Evidence largely from animal studies at the time showed that underlying nutrient deficiencies and under-nutrition can contribute to the risk of miscarriage. Tests on my sister showed that she had various deficiencies including zinc and iron, so I identified suitable supplements and, after a relatively short period taking them, she conceived again and went on to have a healthy pregnancy and a beautiful healthy baby boy. While I would never suggest it is always this easy and we can’t be sure nutrient deficiencies caused my sister’s miscarriage, she did feel immediately better that we had found a possible reason and identified something she could do to help herself. For me, it started a lifelong fascination with the creation of new life and our ability to intervene in this seemingly miraculous event.
Over the subsequent years, I’ve also learnt first-hand how disempowered women often are when planning and going through pregnancy. Medicine can be very paternalistic and women have typically lacked fundamental knowledge about their own bodies. This extends to everything from periods to understanding when in your cycle you are most fertile.
The needless suffering this lack of knowledge causes to countless women in differing scenarios means that I have been on a mission to support and educate women all my adult life. The menstrual cycle can offer clues about general and reproductive health, and, specifically, fertility, and knowing your fertile window can help in preventing pregnancy as well as when trying to conceive.
Understanding your body is truly a skill for life.
For many years I continued to study not only fertility and reproductive health, but I conducted interdisciplinary research into diverse areas including the microbiome (the ‘good’ bacteria in our bodies), nutrition science, plant-based medicine and metabolic health. I devised a set of diagnostic tests and interventions to address what I discovered were potential contributing factors to difficulties conceiving, miscarriage, poor pregnancy outcomes and the health of the babies born. As well as being absolutely fascinating, this work has allowed me to help countless people improve their health and have the children they so desire, which is incredibly rewarding.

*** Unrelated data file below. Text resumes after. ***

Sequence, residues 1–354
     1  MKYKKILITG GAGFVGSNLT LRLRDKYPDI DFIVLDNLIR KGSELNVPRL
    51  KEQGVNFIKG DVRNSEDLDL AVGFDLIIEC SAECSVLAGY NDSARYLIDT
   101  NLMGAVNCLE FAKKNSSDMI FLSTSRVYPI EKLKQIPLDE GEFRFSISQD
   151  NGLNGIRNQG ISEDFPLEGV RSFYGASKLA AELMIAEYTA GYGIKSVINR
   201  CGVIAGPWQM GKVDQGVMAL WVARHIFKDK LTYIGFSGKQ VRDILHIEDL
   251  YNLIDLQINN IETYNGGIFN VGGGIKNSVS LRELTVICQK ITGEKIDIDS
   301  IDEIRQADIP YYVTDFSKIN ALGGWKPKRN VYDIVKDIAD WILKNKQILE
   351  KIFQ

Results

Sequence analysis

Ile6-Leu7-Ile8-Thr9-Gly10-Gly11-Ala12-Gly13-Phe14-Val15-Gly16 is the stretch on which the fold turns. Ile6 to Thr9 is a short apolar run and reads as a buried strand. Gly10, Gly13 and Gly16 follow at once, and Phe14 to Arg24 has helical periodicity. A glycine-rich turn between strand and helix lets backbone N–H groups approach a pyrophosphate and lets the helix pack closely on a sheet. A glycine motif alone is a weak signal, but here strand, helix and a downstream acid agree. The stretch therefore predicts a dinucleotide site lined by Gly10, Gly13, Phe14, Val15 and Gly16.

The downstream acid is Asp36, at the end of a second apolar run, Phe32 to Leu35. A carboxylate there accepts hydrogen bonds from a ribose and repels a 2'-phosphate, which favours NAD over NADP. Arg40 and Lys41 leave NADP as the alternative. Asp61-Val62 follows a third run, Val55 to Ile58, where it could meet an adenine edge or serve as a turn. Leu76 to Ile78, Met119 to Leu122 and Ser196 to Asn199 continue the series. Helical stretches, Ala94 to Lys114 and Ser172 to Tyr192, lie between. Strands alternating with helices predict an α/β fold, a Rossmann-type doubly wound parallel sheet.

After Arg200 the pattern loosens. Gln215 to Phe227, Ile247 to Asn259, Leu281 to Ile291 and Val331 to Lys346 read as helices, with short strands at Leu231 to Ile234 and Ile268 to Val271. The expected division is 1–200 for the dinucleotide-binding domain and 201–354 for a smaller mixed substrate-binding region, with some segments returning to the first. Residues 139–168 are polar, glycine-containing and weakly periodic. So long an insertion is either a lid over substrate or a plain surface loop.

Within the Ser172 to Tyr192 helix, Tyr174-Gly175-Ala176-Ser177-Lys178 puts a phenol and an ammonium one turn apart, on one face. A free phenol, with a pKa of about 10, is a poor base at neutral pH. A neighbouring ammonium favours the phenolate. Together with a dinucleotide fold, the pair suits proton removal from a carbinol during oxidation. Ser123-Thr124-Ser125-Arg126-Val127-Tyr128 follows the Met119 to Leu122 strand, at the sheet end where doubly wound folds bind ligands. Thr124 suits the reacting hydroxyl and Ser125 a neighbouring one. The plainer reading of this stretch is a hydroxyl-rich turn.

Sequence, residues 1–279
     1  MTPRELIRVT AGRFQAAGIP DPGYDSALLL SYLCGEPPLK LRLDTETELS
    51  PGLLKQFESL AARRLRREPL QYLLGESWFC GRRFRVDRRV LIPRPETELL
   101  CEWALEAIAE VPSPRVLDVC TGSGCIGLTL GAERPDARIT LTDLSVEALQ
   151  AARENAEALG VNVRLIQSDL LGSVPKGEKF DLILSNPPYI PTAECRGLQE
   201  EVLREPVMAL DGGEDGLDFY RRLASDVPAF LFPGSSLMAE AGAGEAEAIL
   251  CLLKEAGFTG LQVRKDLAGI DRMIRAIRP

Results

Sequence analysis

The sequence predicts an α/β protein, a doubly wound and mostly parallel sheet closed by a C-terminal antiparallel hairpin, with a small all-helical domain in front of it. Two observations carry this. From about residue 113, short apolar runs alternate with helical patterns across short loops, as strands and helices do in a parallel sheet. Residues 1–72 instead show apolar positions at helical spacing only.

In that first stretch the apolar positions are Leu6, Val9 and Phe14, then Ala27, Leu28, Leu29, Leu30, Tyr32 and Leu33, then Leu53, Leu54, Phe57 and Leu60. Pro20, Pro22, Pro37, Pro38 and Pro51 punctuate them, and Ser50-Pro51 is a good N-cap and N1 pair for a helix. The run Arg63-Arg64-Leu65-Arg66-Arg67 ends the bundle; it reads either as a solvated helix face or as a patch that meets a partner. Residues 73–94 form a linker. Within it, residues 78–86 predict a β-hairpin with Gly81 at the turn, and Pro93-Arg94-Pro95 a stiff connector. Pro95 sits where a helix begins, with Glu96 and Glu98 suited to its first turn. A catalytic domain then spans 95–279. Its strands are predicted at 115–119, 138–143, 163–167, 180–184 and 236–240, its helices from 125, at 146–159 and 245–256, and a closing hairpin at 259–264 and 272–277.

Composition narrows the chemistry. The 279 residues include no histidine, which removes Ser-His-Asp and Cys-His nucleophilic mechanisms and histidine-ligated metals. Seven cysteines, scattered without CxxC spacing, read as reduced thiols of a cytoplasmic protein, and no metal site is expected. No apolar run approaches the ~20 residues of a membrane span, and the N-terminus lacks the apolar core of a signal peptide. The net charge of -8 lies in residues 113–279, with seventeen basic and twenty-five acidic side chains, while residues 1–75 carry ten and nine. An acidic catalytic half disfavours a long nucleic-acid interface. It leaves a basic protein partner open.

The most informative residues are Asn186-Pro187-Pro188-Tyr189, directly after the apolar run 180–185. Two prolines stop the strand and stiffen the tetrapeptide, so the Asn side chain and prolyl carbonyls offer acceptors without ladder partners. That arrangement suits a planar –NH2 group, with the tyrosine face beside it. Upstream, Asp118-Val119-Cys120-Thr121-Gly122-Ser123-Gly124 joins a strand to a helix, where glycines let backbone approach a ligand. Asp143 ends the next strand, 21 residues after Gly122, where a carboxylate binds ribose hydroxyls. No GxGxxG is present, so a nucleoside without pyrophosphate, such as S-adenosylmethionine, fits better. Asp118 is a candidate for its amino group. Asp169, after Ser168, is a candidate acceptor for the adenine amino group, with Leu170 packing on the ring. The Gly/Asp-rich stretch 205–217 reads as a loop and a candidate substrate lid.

Understanding that one person, by herself, can’t help everyone, I formed a long-standing interest in developing resources and information online to educate women about their bodies and help them improve reproductive health. In the early days, this wasn’t so easy – awareness of and interest in the field has improved considerably over recent years. There was someone else who shared my passion – Professor Adam Balen – and our paths crossed through the ‘Fertility Education Initiative’ that he founded. Meeting Adam in 2016 was pure serendipity and it has meant we have achieved a great deal together since. We were early deliverers of preconception care courses and clinics – most IVF clinics, whether NHS or private, still do not offer this kind of service. We offered guidance on diverse topics including diet and nutrition, exercise, cooking and yoga, to name a few, as well as fertility screening and assessments that include at-home testing, integrating holistic interventions and medical care. As part of the Fertility Education Initiative, we have produced animations to teach young people about fertility and we give talks for patients at events including The Fertility Show, Verity’s annual event for women with PCOS, and fertility events at The Royal College of Obstetricians and Gynaecologists. We’ve been regular contributors to TV and radio commentary on reproductive health, including appearing in various documentaries that have covered our work, including the BBC’s ‘The Truth About Carbs’. The feedback we receive from patients spurs us on to keep reaching bigger audiences to really make a difference and change the state of play when it comes to awareness of fertility and reproductive health.
The true power of this approach is the integration of the best medical care can offer with a holistic, personalised approach to optimising health and well-being. Being able to interpret scientific evidence and understand key principles of good nutrition are foundations for good health throughout adulthood. It has been an honour and a privilege to work with so many individuals and couples. There is no better feeling than when you get that call or email with news of a positive pregnancy test and then the birth of a healthy baby. We are lucky indeed to do the work that we do.